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PASSINGS / Ernest Trova

Artist did series on 'Falling Man'

March 12, 2009|Times Staff and Wire Reports

Ernest Trova, 82, an acclaimed St. Louis artist best known for his "Falling Man" series of works about man at his most imperfect, died Sunday at his home in suburban Richmond Heights, Mo., of congestive heart failure, family spokesman Matt Strauss said.

Trova became prominent in the 1960s with his "Falling Man" paintings, prints and sculpture. The armless human figure, a Chicago Tribune critic wrote in 1978, "is simple but not simple-minded. It can be radically transported and transformed while retaining its essential character -- the character of an anonymous 20th century man alone in his environment."

Created in bronze and stainless steel, the sculptures came to be viewed by many critics as gleaming pop-culture icons rather than successful expressions of contemporary art.

Born Feb. 19, 1927, in the St. Louis suburb of Clayton, Mo., Trova was a self-taught artist. He worked as a decorator and window dresser for a St. Louis department store until an art collector whose family owned the store began buying Trova's paintings.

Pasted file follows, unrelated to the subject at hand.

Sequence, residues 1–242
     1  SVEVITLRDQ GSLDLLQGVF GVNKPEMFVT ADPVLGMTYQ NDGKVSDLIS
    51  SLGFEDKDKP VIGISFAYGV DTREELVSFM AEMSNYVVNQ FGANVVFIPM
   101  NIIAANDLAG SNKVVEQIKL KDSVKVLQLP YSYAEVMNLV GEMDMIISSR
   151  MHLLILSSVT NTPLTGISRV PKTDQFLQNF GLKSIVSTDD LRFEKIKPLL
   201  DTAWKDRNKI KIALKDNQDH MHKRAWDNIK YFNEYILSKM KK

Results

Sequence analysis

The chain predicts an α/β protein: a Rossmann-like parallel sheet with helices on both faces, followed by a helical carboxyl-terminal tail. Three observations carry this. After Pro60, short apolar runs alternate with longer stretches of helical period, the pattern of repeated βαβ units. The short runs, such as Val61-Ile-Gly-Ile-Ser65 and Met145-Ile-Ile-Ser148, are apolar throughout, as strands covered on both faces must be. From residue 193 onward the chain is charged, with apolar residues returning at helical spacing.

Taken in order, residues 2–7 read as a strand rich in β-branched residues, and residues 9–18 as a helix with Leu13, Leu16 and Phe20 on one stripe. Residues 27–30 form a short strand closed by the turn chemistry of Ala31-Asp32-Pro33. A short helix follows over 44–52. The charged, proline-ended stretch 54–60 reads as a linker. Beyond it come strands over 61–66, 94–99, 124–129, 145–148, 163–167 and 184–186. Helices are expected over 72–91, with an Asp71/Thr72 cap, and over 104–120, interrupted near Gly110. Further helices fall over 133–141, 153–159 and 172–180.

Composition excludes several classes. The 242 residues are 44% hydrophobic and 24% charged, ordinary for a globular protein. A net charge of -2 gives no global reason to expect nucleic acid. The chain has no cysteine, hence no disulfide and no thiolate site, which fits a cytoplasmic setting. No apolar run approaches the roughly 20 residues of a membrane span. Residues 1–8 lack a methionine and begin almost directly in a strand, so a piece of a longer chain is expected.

A one-person exhibition of Trova's artwork in 1963 inaugurated the Pace Gallery in New York, where he continued to exhibit for more than 20 years.

In 1975, he co-founded Laumeier Sculpture Park with a gift of more than 40 large-scale artworks to St. Louis County.

His work is represented in the permanent collections of the Museum of Modern Art, Whitney Museum of American Art, Solomon R. Guggenheim Museum and the Tate Gallery, among others.

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